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Jason Déry never participated in Sun Youth’s sports programs as a child, but the 33-year-old DJ and entrepreneur remembers how vital the organization was for his family when his mother Sandie Czop struggled as a single parent trying to raise three growing boys.

Czop, who works today as an educator, laughed as she recalled the story of how Sun Youth entered their lives because she thought it sounded so old-fashioned.

She remembered mailing a hand-written letter to Sun Youth about the time Déry, who was 12, found a lost bag of video game cartridges from a local video rental store. Instead of keeping them for himself, his first instinct was to return them so that the person who lost them wouldn’t be penalized. Sun Youth rewarded his honesty with a shiny new bicycle during their annual bicycle giveaway, a tradition that continues today thanks to the generosity of Mr. Bike Man, the late Avrum Morrow, who anonymously donated bicycles on his birthday to reward kids for doing good deeds.

In later years, Czop benefitted from Sun Youth’s clothing giveaways which enabled her boys to stay well dressed despite her financial difficulties.

“That was really special because it allowed my children to keep looking great… they got to keep looking like the rest of their peers at school. I was really so grateful for that. It was just really nice knowing that we could go to Sun Youth and feel the dignity walking in there. We never felt degraded.”

– Sandie Czop

To further complicate their lives, following his parents’s divorce, Jason developed epilepsy as a child and it meant frequent visits to the hospital and additional gas, parking, meal and medical expenses, but worst of all, it also led to lost wages for Czop thanks to unsympathetic bosses.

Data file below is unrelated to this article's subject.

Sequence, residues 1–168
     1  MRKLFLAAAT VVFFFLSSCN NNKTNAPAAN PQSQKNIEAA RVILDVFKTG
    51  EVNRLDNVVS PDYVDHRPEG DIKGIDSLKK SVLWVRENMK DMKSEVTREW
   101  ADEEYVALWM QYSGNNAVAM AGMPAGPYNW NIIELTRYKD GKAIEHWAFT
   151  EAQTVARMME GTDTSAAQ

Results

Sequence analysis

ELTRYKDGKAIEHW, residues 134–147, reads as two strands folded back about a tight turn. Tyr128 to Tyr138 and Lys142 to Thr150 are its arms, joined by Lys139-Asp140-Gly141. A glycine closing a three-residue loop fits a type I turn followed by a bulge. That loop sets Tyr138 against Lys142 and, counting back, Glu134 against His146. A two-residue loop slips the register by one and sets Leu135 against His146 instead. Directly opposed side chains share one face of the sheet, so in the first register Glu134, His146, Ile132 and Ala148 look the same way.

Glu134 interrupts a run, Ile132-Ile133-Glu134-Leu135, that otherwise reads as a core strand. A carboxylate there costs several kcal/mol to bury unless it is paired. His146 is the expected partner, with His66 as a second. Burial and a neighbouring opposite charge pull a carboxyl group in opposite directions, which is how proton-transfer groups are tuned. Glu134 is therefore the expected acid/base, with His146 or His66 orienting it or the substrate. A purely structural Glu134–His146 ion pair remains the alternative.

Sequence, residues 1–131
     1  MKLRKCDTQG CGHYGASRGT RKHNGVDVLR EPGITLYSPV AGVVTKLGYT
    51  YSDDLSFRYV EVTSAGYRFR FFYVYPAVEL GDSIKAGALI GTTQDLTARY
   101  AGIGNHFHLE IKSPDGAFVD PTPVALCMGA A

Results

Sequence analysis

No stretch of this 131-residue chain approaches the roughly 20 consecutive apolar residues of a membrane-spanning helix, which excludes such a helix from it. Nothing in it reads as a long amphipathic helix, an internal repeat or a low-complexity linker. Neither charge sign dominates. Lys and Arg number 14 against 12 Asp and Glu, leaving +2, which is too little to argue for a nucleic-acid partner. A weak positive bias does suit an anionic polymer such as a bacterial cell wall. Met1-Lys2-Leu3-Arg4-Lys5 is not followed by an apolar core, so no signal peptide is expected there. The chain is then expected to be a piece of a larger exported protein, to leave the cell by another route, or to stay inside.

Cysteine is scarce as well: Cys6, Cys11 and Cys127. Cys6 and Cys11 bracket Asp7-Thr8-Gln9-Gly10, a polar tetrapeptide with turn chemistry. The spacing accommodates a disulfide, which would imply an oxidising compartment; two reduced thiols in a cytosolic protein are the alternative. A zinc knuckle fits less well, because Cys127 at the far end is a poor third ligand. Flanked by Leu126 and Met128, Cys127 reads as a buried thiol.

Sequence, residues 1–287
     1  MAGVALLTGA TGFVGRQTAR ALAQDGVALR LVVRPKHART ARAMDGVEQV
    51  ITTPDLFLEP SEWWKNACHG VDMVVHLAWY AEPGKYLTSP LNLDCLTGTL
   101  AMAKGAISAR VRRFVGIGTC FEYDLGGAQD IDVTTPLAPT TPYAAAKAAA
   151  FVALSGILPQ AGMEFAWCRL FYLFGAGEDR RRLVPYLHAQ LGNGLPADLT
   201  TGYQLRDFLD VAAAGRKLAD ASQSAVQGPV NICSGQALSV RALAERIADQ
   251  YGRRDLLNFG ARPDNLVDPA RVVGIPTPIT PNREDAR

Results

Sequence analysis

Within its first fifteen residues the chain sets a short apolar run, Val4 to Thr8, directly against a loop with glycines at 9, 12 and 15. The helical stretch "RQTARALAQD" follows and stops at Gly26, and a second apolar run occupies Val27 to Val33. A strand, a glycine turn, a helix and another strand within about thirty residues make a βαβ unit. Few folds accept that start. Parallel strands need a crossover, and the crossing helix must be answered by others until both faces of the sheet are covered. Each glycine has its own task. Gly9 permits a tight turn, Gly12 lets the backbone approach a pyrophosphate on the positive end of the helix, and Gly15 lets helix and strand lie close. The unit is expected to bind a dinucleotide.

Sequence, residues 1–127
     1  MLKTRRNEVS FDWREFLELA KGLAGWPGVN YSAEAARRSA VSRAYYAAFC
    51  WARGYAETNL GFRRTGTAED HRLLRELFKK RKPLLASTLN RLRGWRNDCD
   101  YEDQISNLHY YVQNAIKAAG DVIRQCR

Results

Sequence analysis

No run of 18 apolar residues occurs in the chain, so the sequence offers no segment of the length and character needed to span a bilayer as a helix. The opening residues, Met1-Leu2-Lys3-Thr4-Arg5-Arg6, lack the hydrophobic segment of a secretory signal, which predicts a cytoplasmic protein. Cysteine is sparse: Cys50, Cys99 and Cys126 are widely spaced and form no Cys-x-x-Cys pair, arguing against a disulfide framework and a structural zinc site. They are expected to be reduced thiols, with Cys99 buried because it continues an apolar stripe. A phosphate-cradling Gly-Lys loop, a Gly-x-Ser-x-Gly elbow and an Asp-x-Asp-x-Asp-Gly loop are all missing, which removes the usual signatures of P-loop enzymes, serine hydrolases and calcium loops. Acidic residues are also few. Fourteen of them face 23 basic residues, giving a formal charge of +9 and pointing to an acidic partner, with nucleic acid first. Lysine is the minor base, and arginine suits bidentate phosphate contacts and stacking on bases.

“My mother was very good at keeping a poker face. We heard the breakdowns and heard her cry. It’s not easy,” said Déry. “We were just very fortunate that Sun Youth was there.”

Jason Déry is now a 33-year-old DJ and entrepreur. Him and his best friend Kevin Krupa had talked about one day organizing a fundraiser to help disadvantaged kids play sports. They never got to do it because Krupa died suddenly last year but Déry kept their dream alive by going ahead and organizing the event in his friend’s memory. The charity he wanted to benefit was Sun Youth.

“To honour his name, the best way I could pay it forward was to honour our mission and that was to raise money for a cause that we both truly believe in. To make sure that kids got to play in organized sports and not feel excluded because they didn’t have the money.”

– Jason Déry

Since the early 2000’s, Sun Youth has created several programs to help families dealing with medical hardships, said the organization’s executive director, Johanne Saltarelli, like their medication program that helps people pay for prescriptions and medical equipment not reimbursed by the Quebec Public Insurance Plan.

“We receive hundreds of referrals from hospital social workers every year,” said Saltarelli. “More than anything, our priority today is to try to help Montrealers through this surge of inflation that is happening so they can stay in their own apartments,” said Salterelli.

She added that rising food, clothing and housing costs are putting a strain on the many Montrealers trying to live on minimum wage salaries. She noted that 16 per cent of the people that Sun Youth helped last year were working Montrealers, a number that has doubled since the previous year.

Saltarelli said that Sun Youth distributed $6 million worth of food last year and expects rising prices will have an impact on their food bank in the months ahead.

Fortunately, there are generous Montrealers like Déry who said he isn’t done giving back to Sun Youth. He’s planning a basketball event in the summer and a hockey event in the winter and encourages others to do whatever they can to help the organization continue its mission.


“When you do something good, in some way, shape or form, it will come back to you and that’s how I’ve been living and it’s been serving me well,” said Déry. “I feel like if everybody actually just lived a little bit like that, we’d all be a little better off.”

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